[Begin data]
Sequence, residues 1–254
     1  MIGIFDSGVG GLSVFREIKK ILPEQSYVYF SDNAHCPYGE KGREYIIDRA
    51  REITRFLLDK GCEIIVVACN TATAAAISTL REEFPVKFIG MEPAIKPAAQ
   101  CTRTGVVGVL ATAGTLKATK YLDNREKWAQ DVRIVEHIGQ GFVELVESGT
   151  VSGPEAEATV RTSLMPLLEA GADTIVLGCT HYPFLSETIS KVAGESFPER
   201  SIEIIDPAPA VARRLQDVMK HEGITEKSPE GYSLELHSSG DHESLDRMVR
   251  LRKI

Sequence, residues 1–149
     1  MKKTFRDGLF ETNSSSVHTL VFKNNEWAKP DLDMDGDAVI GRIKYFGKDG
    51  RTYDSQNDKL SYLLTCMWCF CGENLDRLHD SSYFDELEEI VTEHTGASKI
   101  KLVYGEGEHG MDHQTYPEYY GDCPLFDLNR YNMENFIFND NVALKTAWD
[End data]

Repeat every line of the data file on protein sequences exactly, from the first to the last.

Sequence, residues 1–254
     1  MIGIFDSGVG GLSVFREIKK ILPEQSYVYF SDNAHCPYGE KGREYIIDRA
    51  REITRFLLDK GCEIIVVACN TATAAAISTL REEFPVKFIG MEPAIKPAAQ
   101  CTRTGVVGVL ATAGTLKATK YLDNREKWAQ DVRIVEHIGQ GFVELVESGT
   151  VSGPEAEATV RTSLMPLLEA GADTIVLGCT HYPFLSETIS KVAGESFPER
   201  SIEIIDPAPA VARRLQDVMK HEGITEKSPE GYSLELHSSG DHESLDRMVR
   251  LRKI

Sequence, residues 1–149
     1  MKKTFRDGLF ETNSSSVHTL VFKNNEWAKP DLDMDGDAVI GRIKYFGKDG
    51  RTYDSQNDKL SYLLTCMWCF CGENLDRLHD SSYFDELEEI VTEHTGASKI
   101  KLVYGEGEHG MDHQTYPEYY GDCPLFDLNR YNMENFIFND NVALKTAWD